Saturday, January 27, 2018

Six Months Sans Smartphone: Alive and Well and Getting Better with God's Help

It has now been about six months since I sold back my smartphone. Six months later, I no longer have phantom pains; I no longer reach for a device that isn’t there. (Not that phantom pains were unreasonable to expect: the average smartphone user checks her phone 80 times a day, or 30,000 times a year. I can’t think of anything beyond breathing to which I had been so regularly committed.) Now, it is not uncommon for me to lose track of my phone for days at a time, to have no idea where it is, so worthless is its utility.

Six months later, I have discovered growing edges and necessary next steps, like leaving the laptop at work so that I do not simply replace addiction to one device with addiction to a larger one. Rebekah and I even had a blasphemous conversation the other day about the possibility of discontinuing the internet at home, altogether. Stay tuned. As it turns out, leaving the laptop at work is also a good first step toward leaving one’s work at work. Who knew? I remember telling a colleague at lunch one day how I had unexpectedly discovered that I cared as much or more about my progress learning the guitar as I did about my community’s flourishing. It felt scandalous. My colleague kindly reminded me that, for creatures made to glorify God and enjoy God forever, the true scandal is that prioritizing lives of holy enjoyment would feel like a scandal. And then he confessed the same scandal in his life.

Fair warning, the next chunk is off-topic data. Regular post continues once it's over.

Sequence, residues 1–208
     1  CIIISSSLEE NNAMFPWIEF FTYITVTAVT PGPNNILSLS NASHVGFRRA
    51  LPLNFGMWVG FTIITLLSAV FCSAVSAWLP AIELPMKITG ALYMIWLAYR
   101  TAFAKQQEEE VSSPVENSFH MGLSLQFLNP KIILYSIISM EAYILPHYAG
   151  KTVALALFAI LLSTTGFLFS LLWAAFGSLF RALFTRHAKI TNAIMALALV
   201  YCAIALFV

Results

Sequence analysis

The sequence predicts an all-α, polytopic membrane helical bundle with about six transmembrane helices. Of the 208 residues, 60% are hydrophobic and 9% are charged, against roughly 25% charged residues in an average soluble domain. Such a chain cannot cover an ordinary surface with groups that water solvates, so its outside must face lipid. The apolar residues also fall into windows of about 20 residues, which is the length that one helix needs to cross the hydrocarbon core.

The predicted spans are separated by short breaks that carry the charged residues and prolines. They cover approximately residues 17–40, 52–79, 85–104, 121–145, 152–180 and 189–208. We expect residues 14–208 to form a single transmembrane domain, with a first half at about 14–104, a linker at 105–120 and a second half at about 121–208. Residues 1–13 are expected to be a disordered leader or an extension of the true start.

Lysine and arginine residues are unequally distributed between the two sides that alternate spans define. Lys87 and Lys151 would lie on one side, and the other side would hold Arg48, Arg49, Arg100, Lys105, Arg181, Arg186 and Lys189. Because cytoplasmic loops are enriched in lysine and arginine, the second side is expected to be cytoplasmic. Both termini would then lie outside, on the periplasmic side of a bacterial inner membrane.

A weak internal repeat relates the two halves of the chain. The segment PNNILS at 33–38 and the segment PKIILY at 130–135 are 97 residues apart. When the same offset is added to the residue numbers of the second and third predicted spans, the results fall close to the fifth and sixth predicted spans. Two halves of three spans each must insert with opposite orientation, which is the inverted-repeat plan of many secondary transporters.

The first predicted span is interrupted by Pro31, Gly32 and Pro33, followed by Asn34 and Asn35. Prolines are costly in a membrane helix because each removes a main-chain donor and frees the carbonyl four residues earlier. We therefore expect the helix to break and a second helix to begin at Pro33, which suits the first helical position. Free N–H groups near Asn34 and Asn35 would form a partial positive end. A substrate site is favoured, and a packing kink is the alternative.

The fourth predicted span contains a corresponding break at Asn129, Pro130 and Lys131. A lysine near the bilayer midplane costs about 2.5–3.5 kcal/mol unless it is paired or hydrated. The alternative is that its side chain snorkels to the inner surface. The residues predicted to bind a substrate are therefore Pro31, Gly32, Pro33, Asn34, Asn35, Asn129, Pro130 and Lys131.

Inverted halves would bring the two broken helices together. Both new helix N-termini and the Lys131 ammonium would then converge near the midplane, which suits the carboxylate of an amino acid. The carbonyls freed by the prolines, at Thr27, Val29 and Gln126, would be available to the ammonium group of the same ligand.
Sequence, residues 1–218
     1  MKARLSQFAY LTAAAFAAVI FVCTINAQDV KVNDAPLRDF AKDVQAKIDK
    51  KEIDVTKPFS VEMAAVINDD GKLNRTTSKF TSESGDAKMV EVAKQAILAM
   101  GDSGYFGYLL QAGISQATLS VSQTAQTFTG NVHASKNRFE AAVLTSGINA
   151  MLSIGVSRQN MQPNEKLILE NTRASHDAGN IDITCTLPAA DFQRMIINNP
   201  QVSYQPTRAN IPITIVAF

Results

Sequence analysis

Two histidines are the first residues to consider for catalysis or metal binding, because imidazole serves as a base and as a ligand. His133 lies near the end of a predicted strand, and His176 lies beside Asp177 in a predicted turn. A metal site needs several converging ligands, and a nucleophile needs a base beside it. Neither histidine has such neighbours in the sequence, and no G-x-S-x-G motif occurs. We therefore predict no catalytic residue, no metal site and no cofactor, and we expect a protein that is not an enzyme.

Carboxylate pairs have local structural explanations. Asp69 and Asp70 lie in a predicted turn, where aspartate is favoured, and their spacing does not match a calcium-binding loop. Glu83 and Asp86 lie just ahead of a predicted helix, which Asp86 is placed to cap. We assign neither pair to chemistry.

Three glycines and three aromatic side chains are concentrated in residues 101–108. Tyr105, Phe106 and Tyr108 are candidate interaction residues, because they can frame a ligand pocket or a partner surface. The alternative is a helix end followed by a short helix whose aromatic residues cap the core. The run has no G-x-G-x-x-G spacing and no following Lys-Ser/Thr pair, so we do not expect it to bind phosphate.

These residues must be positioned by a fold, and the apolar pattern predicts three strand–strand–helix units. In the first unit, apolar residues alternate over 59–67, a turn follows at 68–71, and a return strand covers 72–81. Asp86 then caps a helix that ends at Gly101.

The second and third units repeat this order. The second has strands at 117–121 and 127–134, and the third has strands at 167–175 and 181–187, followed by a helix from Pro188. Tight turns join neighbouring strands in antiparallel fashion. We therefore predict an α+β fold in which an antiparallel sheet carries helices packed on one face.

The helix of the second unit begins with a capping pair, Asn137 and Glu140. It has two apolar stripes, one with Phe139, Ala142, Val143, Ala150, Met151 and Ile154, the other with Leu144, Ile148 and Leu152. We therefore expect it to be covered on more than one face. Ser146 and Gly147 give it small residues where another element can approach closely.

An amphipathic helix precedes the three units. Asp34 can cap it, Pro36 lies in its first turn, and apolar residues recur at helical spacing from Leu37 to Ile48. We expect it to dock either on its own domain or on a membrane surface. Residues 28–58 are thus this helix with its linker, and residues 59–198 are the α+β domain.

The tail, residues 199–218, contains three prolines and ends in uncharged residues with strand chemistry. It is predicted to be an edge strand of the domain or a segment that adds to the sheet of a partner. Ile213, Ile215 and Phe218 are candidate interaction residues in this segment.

My friend and I are not, of course, alone. In his classic Leisure: the Basis of Culture, Josef Pieper reflects at length about how our world thinks about work. “In his well-known study on capitalism, Max Weber quotes the saying, that ‘one does not work to live; one lives to work,’ which nowadays no one has much difficulty in understanding: it expresses the current opinion. We even have some difficulty in grasping that it reverses the order of things and stands them on their head.” Sometimes I distract myself from work. Most times, I distract myself into work. From my life and the lives of those around me. In his wonderful book Silence and Honey Cakes, Rowan Williams calls such distractions from what really is the life of fantasy for which regular prayer and long silences are good medicine. 

Since selling back my smartphone, I have discovered the peace of waiting for someone who is late with folded hands and without anxiety. I am learning that I do not need to forgive myself for not trading my presence for more potential productivity - what could have been, or should have been - a hard lesson learned in a vocation in which nothing is ever finished and I imagine that I could have always done more. I am reading more books. I am writing letters to friends, with fountain pens and beautiful inks. I am discovering practices that help me grow my ability to receive the gift God, in a given moment, is giving, rather than seeking to control my environment for the gift I wish I had been given instead. I am making more room for possibilities I do not script or predict.